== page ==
The good news about living somewhere ridiculously expensive such as California is that you can move a lot of places and live a very similar lifestyle on a lot less money due to lower income taxes, cost of living and everything else. That’s an advantage that people living somewhere super cheap just don’t have unfortunately.
Yeah – I definitely plan to move again, just not sign a contract for it. Totally agree about moving somewhere with lower cost of living. I could always move back to where I moved from which is cheap but I really want to go back to the East Coast.
Matt @ The Resume Gap says
I’m sorry you’re feeling stuck in a bad position right now. My old employer had made me a generous offer to pay for grad school, if I wanted to go; the catch was committing to working there during the summer(s) and full-time for 2-3 years after. One of the reasons I didn’t do it is I didn’t want to feel like I had this massive debt looming if I couldn’t stand the work anymore. That can’t be fun to feel financially obligated to your employer no matter how miserable the work gets. Hang in there; one year isn’t too long!
Sounds like we have a similar mindset – I just don’t like feeling trapped down. It truly does feel like debt! That must have been hard to turn down the opportunity to have school paid for but sounds like it was the right move long term.
This reminds me – I actually experienced something very similar on a much smaller scale with buying my real estate condo back in 2010. I took advantage of the first time homebuyer tax credit where the U.S. government was giving $8,000 to anybody who bought property, but the catch was that if you sold or moved to a different primary residence during the first 36 months, you had to pay the tax credit back….even at month 35, it was still the entire $8,000.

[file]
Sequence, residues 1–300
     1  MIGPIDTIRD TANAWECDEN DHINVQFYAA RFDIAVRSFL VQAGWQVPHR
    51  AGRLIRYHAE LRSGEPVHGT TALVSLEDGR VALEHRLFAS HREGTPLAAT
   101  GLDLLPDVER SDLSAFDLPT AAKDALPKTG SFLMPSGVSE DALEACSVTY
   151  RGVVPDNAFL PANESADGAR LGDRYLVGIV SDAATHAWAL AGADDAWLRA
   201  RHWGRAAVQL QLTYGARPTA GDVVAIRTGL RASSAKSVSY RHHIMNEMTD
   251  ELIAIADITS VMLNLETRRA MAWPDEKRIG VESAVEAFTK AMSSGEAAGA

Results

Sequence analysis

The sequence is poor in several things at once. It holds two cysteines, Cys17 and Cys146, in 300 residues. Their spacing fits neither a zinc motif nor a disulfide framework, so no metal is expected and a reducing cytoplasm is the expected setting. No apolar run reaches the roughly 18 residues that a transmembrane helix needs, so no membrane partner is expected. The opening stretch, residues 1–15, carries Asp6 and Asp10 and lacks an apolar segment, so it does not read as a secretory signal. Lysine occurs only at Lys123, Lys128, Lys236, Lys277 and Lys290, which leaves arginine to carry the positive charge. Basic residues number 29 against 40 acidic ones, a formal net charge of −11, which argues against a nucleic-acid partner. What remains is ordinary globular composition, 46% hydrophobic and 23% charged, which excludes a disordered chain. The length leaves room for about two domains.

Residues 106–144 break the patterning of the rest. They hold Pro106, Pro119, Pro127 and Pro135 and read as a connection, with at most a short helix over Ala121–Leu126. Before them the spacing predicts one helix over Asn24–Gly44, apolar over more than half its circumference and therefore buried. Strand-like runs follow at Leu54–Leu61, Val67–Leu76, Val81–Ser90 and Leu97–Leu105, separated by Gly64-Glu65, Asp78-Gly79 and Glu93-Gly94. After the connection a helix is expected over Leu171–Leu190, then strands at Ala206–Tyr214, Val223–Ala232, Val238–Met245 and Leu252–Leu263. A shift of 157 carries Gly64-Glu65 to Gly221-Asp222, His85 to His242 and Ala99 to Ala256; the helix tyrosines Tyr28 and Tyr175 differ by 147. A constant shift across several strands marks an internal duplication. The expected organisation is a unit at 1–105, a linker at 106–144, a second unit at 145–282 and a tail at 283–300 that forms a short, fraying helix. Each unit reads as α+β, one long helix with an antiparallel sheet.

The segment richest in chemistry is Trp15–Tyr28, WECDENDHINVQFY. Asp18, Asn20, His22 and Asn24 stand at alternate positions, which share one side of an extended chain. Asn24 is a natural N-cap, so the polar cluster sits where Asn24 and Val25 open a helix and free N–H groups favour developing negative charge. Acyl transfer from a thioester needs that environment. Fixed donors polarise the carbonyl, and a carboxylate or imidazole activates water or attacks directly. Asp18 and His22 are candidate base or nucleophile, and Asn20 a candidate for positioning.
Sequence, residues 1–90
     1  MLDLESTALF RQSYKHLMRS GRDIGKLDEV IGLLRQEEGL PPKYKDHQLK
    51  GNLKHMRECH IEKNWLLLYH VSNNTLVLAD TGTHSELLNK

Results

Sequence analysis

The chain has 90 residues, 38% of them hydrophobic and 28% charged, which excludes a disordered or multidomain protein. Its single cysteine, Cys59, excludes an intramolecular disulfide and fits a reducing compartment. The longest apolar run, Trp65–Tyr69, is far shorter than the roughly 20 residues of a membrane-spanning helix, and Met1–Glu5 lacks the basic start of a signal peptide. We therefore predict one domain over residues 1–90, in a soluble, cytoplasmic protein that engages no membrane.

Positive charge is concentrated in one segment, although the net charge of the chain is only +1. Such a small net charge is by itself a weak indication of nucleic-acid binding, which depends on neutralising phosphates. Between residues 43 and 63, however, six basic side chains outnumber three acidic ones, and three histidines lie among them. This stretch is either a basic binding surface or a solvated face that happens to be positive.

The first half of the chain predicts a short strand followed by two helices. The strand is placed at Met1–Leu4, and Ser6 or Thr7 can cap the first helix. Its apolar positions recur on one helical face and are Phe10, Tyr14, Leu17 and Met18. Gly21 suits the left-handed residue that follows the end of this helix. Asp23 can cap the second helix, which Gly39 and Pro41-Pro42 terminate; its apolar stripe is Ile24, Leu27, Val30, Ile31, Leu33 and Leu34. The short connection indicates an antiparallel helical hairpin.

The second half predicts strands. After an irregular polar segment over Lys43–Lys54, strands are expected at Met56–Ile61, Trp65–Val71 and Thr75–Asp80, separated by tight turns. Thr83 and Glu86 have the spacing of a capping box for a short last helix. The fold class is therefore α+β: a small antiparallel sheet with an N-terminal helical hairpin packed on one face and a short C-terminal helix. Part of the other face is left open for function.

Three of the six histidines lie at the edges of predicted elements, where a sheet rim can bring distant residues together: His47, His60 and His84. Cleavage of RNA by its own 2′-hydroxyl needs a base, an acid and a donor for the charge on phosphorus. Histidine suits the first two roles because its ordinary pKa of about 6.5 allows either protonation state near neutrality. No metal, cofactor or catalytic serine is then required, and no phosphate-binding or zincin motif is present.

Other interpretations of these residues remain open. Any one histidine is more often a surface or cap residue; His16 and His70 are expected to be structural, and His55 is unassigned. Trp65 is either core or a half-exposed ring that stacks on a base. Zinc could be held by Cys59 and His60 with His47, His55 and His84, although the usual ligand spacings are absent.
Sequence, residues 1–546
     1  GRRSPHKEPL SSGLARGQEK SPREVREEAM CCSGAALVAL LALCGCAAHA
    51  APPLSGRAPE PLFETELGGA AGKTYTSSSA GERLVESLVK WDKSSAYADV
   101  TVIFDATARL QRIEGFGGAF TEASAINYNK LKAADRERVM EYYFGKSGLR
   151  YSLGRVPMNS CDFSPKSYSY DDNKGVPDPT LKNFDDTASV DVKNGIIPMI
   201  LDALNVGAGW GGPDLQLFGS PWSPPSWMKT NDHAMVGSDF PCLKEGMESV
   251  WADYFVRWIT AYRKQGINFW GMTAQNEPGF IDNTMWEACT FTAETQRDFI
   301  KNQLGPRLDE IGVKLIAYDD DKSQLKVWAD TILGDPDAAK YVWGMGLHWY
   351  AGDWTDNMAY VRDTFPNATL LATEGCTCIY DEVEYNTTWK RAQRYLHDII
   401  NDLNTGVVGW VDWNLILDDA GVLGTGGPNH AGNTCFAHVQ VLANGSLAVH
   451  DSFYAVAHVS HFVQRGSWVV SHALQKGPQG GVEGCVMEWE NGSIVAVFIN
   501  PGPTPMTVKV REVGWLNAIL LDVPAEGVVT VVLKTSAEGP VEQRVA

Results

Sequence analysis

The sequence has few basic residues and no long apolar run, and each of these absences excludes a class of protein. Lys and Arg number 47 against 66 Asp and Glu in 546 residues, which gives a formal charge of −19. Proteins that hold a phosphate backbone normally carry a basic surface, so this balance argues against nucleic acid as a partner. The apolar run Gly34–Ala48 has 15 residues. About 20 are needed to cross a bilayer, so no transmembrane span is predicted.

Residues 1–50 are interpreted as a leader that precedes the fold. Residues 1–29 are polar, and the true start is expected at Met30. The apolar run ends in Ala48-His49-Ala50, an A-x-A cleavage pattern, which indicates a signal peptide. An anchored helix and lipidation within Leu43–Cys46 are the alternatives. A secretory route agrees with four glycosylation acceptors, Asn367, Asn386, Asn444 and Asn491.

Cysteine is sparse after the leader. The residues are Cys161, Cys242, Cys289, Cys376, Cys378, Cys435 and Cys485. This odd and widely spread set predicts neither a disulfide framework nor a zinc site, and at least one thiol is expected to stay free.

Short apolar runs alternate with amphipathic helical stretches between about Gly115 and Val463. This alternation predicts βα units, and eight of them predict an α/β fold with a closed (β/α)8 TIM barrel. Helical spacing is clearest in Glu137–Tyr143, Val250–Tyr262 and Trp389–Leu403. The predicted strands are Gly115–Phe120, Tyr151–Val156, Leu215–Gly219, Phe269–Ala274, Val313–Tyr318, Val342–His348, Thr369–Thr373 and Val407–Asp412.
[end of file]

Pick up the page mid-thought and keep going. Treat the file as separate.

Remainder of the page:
$8,000 is a lot less than $80,000, but I very much felt trapped and it’s why I don’t plan on buying property again until I know it’s somewhere I want to be for a long time, or at least it’s a place that is much smaller percentage of my financial assets.
Great point! There is no free lunch in this world anymore! Everything has strings attached.
Dividends Down Under says
Sticking it out for the year definitely sounds like the best choice, and a year at the company will look a lot better on your resume than 6 months or so.
Once you get to the end of the year and can decide on your next move, you’ll probably look back and have learned a lot, that the experience is something you’ll always take with you – plus, the years seem to fly by even faster every year!
May it be a smooth and quick year for you 🙂
Cool article about the cons of relocating for job. Not many people realize the hassle. It is even harder with family. I am all about being my own boss and recently have gotten into the moving business. I like your article. Thank you!
Erika Ann says
Its nice that you updated this article of yours. I wouldn’t see it if you didn’t. I’m being offered to relocate to another city for our company. On top of that I would get a condo and car. I’m seeing a lot of benefits to it and its really an exciting opportunity but reading your article made me realize the cons of it. Its a hard decision to make.